Blog Directory CineVerse: Proof that there's still fuel in the noir tank

Proof that there's still fuel in the noir tank

Thursday, January 16, 2020

There's no lack of pulse-pounding suspense and gripping action in director Nicolas Winding Refn's stylish heist drama "Drive," but there's certainly a dearth of dialogue and character development--although not necessarily at the film's expense. We got in the passenger seat and took a ride with this picture last evening at CineVerse and came away with these conclusions:

What did you find memorable, surprising, offbeat, or even puzzling about Drive?

  • The casting. Ryan Gosling isn’t your stereotypical action hero type; he has demonstrated tenderness, mystery, nuance, and aloofness in other roles. Here, he plays a silent loner capable of sudden and extreme violence as well as compassion and sensitivity. Albert Brooks is also cast against type: he’s not funny in the least in this role, but it is been suggested that his character is more sympathetic because of the positive and humorous memories we associate with him in other roles.
  • Arguably, there’s style as well as substance. The plot is pulpy and satisfying, but the design, aesthetics, direction, and editing are “cool, distant and riveting,” according to reviewer Randi Cordova. “Refn’s deliberately icy style gives it a sleek, contemporary edge.”
  • The film has a throwback feel to its direction, as well. Village Voice critic J. Hoberman wrote: “Drive is nominally set in the present day, but the 40-year-old director elects to emphasize the retro—or rather, to evoke the period of his adolescence, synthesizing Miami Vice‘s languid dissolves and neon-limned dive bars, Blade Runner‘s nocturnal skylines and floating overhead angles, Top Gun‘s slow dollies, and MTV-friendly lyrical montage interludes…the soundtrack is awash in mournful, exalted, romantic techno-pop.”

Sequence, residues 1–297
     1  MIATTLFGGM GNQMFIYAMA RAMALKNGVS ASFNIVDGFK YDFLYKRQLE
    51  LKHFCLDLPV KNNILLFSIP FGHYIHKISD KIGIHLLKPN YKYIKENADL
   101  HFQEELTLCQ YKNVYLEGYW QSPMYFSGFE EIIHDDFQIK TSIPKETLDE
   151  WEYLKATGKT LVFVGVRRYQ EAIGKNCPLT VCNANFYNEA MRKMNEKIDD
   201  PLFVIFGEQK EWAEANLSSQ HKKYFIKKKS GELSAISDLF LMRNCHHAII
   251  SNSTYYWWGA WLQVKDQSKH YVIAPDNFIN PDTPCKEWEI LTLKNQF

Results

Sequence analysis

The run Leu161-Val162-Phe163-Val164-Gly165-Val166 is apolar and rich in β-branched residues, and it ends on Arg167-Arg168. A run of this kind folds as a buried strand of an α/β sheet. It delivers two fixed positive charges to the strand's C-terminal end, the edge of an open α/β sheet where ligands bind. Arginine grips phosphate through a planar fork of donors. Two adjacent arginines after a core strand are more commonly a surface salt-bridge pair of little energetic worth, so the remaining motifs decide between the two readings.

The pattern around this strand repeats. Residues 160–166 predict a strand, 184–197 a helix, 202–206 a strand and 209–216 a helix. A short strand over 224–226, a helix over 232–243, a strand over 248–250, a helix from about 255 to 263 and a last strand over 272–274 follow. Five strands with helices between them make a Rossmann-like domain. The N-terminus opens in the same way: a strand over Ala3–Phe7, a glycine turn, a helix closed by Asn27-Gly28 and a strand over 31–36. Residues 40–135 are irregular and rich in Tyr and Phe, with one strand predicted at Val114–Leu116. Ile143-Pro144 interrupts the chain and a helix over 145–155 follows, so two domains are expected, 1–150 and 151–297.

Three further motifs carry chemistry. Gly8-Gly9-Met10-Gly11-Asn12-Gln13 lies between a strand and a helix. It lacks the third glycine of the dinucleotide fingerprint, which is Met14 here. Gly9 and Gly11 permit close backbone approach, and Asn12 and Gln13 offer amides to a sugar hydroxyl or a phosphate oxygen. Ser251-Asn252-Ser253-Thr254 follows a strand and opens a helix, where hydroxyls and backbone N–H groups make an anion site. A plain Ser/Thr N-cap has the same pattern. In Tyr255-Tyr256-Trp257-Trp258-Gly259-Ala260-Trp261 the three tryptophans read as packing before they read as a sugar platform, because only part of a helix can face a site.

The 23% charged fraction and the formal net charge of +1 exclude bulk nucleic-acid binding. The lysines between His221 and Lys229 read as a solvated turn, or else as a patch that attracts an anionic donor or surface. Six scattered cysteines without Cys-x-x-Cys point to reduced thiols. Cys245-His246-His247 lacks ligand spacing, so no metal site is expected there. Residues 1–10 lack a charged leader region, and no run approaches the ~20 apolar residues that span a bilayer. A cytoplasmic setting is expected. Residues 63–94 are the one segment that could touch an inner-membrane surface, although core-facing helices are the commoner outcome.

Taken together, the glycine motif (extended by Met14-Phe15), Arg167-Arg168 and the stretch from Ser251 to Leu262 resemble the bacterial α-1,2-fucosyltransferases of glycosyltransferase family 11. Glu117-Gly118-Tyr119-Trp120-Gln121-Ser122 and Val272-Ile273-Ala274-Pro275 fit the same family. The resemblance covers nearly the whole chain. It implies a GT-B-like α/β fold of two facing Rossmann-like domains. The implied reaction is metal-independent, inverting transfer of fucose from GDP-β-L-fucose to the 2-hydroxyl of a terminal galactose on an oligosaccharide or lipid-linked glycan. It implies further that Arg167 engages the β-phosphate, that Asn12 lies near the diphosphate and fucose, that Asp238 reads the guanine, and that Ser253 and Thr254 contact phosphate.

• This picture is exceedingly violent in some scenes, which can surprise many viewers.
  • It plays is a neo noir – a contemporary crime film with stylistic noir elements and conventions, including a femme fatale leads men to danger, a doomed lead antihero character who can’t resist his impulses, sudden violence, underworld figures, and dark external forces.
  • The lead character is never named. He doesn’t talk much. And we only see him kiss Irene once—and the motivation for that could be to distract the hitman in the elevator so that he can engage in a surprise attack. It’s interesting that, for as much as we assume he’s smitten with Irene, he doesn’t flirt, initiate intimacy more, or play the typical male lover type.

Themes at work in Drive

  • What drives and motivates us as human beings? The title of the film as a dual meaning: “Drive” can refer to the lead character’s chosen profession, but can also point to that which makes him tick – the inner drive propelling him forward and influencing his choices.
  • What makes a “real hero,” as the song played in the movie suggests? Blogger Jonathan Lack wrote: “Driver may very well be a hero in the end, because through his violent actions, he frees Irene from her destructive cycle of abuse… In his final moments, he is a real hero, a real human being.”
  • Inescapable fate. Consider how the driver and Irene keep running into each other early on in the film, suggesting that their destinies are linked. Also, ponder how it’s possible that the driver knows his fate is sealed by the end of the story, which is possibly why he agrees to meet with Bernie and put himself in a vulnerable position; sure enough, Bernie stabs him and the driver never returns home to answer Irene’s knock at the door, insinuating that he is doomed to die or that, at least, his best life (with Irene and her son) is over.

Similar films that come to mind

  • The Man With name trilogy
  • Bullitt
  • Thief
  • The Guest
  • Le Samourai
  • Ghost Dog: The Way of the Samurai
  • Baby Driver
  • Taxi Driver
  • Once Upon a Time in Hollywood

Other films by Nicholas Winding Refn

  • Pusher
  • Valhalla Rising
  • Bronson

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